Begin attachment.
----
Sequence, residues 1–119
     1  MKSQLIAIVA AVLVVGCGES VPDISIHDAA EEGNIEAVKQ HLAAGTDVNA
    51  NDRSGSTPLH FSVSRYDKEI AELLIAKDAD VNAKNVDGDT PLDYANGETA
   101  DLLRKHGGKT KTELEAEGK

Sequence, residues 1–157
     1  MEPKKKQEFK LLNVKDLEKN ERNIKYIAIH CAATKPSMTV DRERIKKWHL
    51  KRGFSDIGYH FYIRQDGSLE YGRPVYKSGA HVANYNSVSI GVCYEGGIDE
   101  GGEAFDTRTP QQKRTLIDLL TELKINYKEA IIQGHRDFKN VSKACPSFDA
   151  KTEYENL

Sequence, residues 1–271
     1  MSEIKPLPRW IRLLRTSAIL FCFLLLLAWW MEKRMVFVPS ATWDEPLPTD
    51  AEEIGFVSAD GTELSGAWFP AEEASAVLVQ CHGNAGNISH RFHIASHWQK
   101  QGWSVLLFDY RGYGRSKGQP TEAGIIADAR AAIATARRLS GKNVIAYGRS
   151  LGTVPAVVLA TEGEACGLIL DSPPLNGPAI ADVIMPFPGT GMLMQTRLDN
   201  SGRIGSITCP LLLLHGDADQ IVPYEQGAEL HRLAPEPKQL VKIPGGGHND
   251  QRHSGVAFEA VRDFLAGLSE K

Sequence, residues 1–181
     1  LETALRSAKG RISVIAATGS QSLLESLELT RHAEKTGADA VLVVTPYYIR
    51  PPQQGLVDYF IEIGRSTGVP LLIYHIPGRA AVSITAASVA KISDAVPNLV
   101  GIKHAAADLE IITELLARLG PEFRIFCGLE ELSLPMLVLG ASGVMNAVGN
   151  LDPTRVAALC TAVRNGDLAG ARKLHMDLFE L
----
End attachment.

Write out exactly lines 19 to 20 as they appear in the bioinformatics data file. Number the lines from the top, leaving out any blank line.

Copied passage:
    51  PPQQGLVDYF IEIGRSTGVP LLIYHIPGRA AVSITAASVA KISDAVPNLV
   101  GIKHAAADLE IITELLARLG PEFRIFCGLE ELSLPMLVLG ASGVMNAVGN